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dc.contributorNapoli, Lucio-
dc.contributor.editorClaval, Paul-
dc.contributor.editorPagnini, Maria Paola-
dc.contributor.editorScaini, Maurizio-
dc.description.abstractThe educational farms that have existed in Italy for over twenty years are working farms, most with rural tourist facilities, offering educational activities as part of their normal work. They were created in order to supplement income in an agricultural world that is struggling with low farm budgets and encourage young farmers in the sector. They are based, to a large extent, on similar experiences abroad particularly in France, Spain, Belgium and Germany, that have aroused considerable interest also at community level through a series of reference standards that are clearly referred to in the last Rural Development Plan (2000-2006)1. Italian regulations on the subject currently apply to a limited number of regions including Emilia-Romagna, Lazio and Friuli-Venezia Giulia and highlight a sensitivity that, with only a few exceptions, must still be consolidated or has yet to be developed. On the whole, the country is covered by a series of projects that bring together a significant number of farms with one common aim, that of enhancing their land, identity and typical products through carefully planned educational tours. This is not extemporaneous but part of a reassessment of ideas behind land use theories that, for the last few decades, have considered the rural landscape as a resource to be protected and enhanced as far as the identity and quality of places are concerned in order to promote its economic growth rather than being surplus to requirements2. This argument has not taken geographers by surprise and, for some time, they have been affirming the need to examine land using sectorial criteria so that the sciences of Nature and the sciences of Man can be effectively coordinated, as was also stated in Seoul in 2000, at the 29th International Geographical Congress3, when the concept of “diversity" as the main idea behind the study of territorial realities was the subject of debate. Educational farms fall perfectly in line with this concept of geography. Even when fulfilling farm objectives, their intention is to give Man a sense of Nature and the existence of Nature including the ecosystem, economic organization, cultural heritage and the local system when he participates in these guided tours.en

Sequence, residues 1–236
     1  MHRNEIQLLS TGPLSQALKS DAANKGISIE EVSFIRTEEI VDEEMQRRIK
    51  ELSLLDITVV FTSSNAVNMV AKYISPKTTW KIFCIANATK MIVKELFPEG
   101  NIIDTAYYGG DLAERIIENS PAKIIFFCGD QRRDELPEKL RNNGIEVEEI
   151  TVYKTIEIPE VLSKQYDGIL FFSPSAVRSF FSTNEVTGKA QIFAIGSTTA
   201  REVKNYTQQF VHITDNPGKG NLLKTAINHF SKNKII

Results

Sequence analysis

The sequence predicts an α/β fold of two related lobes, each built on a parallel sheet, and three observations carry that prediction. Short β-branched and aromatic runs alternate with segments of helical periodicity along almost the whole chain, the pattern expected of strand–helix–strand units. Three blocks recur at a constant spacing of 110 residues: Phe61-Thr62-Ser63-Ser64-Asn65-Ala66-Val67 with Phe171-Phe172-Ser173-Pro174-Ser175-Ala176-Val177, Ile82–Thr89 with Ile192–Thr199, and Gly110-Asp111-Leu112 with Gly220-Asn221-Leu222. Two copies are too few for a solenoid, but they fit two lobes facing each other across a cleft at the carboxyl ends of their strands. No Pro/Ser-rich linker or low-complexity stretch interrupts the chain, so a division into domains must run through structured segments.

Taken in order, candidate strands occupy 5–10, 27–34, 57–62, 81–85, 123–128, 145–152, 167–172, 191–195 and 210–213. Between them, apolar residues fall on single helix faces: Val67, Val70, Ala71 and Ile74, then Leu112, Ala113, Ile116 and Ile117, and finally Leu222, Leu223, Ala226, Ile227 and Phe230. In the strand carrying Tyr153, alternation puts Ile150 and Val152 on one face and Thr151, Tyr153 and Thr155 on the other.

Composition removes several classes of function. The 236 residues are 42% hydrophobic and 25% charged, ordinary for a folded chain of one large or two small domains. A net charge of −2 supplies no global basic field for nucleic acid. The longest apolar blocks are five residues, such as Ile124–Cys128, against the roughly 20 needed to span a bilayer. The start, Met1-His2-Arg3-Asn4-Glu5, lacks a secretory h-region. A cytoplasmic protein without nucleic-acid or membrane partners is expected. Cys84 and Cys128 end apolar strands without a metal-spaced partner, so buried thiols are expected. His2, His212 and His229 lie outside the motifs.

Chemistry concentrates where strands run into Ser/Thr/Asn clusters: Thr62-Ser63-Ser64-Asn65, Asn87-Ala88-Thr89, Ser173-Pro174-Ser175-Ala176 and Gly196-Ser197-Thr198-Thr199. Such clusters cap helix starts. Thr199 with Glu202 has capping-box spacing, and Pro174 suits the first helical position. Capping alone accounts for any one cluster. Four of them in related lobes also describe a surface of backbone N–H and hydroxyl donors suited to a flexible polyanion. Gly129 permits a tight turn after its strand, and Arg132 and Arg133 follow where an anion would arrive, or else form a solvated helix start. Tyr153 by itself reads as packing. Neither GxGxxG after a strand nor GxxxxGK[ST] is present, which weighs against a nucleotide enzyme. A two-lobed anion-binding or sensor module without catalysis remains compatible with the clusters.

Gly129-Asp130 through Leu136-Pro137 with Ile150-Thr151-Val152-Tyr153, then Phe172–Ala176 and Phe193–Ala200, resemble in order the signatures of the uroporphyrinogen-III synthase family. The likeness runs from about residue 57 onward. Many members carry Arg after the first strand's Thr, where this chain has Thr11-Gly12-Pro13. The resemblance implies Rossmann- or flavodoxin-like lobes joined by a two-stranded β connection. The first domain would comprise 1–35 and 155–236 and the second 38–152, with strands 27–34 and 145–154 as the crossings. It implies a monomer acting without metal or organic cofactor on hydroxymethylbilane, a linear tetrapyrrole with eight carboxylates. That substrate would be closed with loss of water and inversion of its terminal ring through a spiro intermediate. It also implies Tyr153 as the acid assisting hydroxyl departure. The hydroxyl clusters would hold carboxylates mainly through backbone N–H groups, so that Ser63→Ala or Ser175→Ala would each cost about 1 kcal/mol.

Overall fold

dc.format.extent247714 bytes-
dc.relation.ispartofProceedings of the Conference THE CULTURAL TURN IN GEOGRAPHY, 18-20th of September 2003 - Gorizia Campusen
dc.relation.ispartofPart VI: Tourism, Sustainable Development and Culture Turnen
dc.rights© Copyright 2003 Edizioni Università di Trieste - EUT-
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Appears in Collections:The cultural turn in geography
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